Thanks to the many thousands of NUT members who signed Christmas postcards to Michael Gove. I was proud to deliver those to the DfE yesterday, with our Deputy General Secretary, Kevin Courtney. That so many of you signed them is a clear sign of the strength of feeling in the profession. Even since yesterday more than a 1,000 more signatures have arrived at our head office. Please see our website for a picture of yesterday’s hand-in of the postcards at the DfE.
Please continue to check the NUT website and follow us on Twitter at for more information on the pensions campaign in the New Year.

I wish you a very well-deserved holiday.

With best wishes for Christmas and the New Year.

Yours sincerely

Christine Blower
NUT General Secretary

Pensions - Union leaders under pressure from all sides

A lively lobby of the TUC this afternoon made sure that every delegate attending the key meeting of the Public Sector Liaison Group knew how strongly trade union members felt about the worrying suggestions that some public sector unions were about to sign an unacceptable deal on pensions.


On the steps of Congress House, Mark Serwotka made a strong defence of the PCS' stand in refusing to cave-in to the bullying tactics of the Government. Unfortunately reports suggest that some unions seem ready to sign-up to the 'Heads of Agreement' letter setting out the principles of the Government offer, even though none of the fundamentals have changed from the offer that we all rejected in November - and took united strike action to oppose.

The Government has been trying to blackmail union leaders into signing-up to this unacceptable deal by threatening that if they didn't, an even worse offer would be imposed - and that those unions that didn't cave-in would be thrown out of all future talks. This 'punishment' has apparently already been announced for the PCS.

But union chiefs seeking to do a deal are also under pressure from below - knowing that they will have to justify their decision to union members who will want to know why they have thrown in the towel when no serious further concessions have been won. Where the details of the deal have been shared - e.g with the Health Sector National Committee of UNITE - it is reported that there was an overwhelming view given to the negotiators that they must reject the deal.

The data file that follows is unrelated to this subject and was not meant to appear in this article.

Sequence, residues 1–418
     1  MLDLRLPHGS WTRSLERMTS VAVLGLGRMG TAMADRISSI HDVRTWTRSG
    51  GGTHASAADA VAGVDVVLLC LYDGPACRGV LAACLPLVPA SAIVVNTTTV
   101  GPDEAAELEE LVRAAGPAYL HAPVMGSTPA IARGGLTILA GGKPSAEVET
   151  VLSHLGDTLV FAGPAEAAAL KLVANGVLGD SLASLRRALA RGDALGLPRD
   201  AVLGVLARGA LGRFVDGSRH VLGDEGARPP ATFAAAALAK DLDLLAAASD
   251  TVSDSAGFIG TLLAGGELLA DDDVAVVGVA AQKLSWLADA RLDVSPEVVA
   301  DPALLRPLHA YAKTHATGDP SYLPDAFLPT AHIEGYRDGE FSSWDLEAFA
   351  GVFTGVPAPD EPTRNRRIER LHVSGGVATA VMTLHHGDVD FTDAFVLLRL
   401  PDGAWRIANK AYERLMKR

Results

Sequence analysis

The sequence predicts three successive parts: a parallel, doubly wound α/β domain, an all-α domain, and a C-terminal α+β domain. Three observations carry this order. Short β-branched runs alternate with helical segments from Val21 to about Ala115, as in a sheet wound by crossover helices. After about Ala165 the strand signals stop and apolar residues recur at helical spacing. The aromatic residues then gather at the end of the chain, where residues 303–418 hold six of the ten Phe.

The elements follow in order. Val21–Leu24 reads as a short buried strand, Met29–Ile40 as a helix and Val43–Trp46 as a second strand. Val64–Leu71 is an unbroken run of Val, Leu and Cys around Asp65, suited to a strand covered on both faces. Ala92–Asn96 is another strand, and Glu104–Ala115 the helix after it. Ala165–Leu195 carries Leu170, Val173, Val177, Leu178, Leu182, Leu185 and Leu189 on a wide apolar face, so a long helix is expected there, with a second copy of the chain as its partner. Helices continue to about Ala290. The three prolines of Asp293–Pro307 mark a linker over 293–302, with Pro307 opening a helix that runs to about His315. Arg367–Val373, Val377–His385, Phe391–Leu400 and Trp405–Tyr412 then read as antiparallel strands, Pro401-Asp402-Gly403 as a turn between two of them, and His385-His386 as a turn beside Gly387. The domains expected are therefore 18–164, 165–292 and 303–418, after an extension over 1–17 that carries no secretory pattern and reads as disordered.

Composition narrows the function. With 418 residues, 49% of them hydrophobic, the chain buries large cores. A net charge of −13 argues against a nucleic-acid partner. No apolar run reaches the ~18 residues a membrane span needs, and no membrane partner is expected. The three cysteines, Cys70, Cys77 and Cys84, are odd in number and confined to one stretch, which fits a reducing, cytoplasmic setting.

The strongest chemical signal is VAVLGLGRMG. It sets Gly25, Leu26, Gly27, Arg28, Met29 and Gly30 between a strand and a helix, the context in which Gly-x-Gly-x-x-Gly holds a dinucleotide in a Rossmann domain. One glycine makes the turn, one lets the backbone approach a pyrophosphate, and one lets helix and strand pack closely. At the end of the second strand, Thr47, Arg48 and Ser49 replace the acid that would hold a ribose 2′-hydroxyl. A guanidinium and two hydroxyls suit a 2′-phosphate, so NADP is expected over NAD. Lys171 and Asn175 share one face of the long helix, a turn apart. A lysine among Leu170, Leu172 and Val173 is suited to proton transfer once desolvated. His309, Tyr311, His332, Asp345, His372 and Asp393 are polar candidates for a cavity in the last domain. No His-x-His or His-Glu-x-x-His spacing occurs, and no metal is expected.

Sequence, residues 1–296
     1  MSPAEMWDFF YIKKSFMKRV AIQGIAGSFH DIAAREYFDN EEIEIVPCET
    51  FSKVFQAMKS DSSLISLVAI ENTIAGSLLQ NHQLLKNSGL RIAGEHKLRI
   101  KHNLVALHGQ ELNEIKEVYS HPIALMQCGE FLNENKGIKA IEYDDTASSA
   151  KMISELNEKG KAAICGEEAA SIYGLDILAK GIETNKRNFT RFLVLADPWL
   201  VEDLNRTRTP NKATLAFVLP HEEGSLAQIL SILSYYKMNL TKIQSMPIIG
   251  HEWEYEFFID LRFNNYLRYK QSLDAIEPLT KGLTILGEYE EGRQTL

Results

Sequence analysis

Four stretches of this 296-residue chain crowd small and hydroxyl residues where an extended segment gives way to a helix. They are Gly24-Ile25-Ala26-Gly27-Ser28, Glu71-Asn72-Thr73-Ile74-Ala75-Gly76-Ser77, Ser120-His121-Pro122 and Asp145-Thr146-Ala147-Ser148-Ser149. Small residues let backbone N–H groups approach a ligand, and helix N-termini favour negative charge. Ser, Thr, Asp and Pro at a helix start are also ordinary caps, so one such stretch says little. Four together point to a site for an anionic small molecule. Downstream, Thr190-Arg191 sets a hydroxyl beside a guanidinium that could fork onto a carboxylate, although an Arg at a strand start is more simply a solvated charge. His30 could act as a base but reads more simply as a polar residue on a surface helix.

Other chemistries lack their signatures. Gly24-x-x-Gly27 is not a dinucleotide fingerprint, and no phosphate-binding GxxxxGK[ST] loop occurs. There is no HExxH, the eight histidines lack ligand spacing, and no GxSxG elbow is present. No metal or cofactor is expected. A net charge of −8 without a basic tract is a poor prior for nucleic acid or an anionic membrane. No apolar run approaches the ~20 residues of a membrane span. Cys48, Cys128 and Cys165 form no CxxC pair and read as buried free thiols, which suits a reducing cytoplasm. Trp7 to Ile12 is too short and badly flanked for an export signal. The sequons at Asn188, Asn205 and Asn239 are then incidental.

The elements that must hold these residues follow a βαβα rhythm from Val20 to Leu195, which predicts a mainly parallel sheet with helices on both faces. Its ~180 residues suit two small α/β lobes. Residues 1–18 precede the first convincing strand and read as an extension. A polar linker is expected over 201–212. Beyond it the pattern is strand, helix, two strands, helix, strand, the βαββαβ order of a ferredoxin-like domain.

In Education, talks have been going on for much of the day, with the NUT and NASUWT apparently trying to persuade other education unions to stand firm. News to follow.

URGENT - Pensions lies and game playing - LOBBY TUC FROM 3.30 TODAY

A deliberate game of lies and game-playing is being played by Government Ministers and the press to try and undermine opposition to their pensions robbery in order to try and bully unions into accepting a shoddy deal today when the joint-union Public Sector Liaison Group meets at the TUC at a newly-confirmed time of 5pm today.


This morning, the BBC has withdrawn a quote from its website claiming that Christine Blower had said that the NUT was 'close to a deal'. This is all part of the game-playing designed to isolate unions - including the NUT - who are standing firm against the acceptance of an unacceptable deal.

Christine has issued a statement saying that "Some colleagues may have seen a report on the BBC website by Norman Smith which quotes me as saying that ‘a deal is close with the Government on teachers’ pensions’. In fact, on entering the talks I said teachers cannot work longer, pay more and get less - I made no such claim on a potential resolution"

Politicians have also been lying about what is actually on offer. As the NASUWT correctly states in an email sent to their members:

"The discussions have been inhibited from making real progress due to the Government's prevarication, delay in providing key information and game playing ... In the last few weeks, the Government has confirmed its intention to make further announcements on reforms to public sector pension schemes before Parliament rises on Tuesday 20 December. The timing of this announcement has not been discussed with the trade unions. As the imposed deadline for completion draws near, a deadline that is completely unnecessary given that scheme changes will not take effect until 2015, the Coalition has continued to impose further changes that will materially affect the outcome of these discussions, including the arbitrary decisions to take off the table the option of a final salary scheme for teachers and the decision to remove flexibility in relation to linking the NPA to the SPA.

This raises serious questions about the Coalition Government's
commitment to genuine negotiations".

Kazakhstan - protest against murderous repression

The muderous repression of oilworkers and their supporters is continuing in Kazakhstan. For latest reports see:

I have sent this message of support today - please send in your protest too:

To the Kazakhstan authorities:
I am writing to protest at the murderous repression and mass arrests of oil-workers and their supporters in Zhanaozen, Aktau and other parts of Kazakhstan.
This repression will not succeed in breaking the spirit of the Kazakhstan workers who have no alternative but to struggle because of the conditions that they are having to live under. In fact, it will do the opposite of what you intend - it will only strengthen their determination to struggle.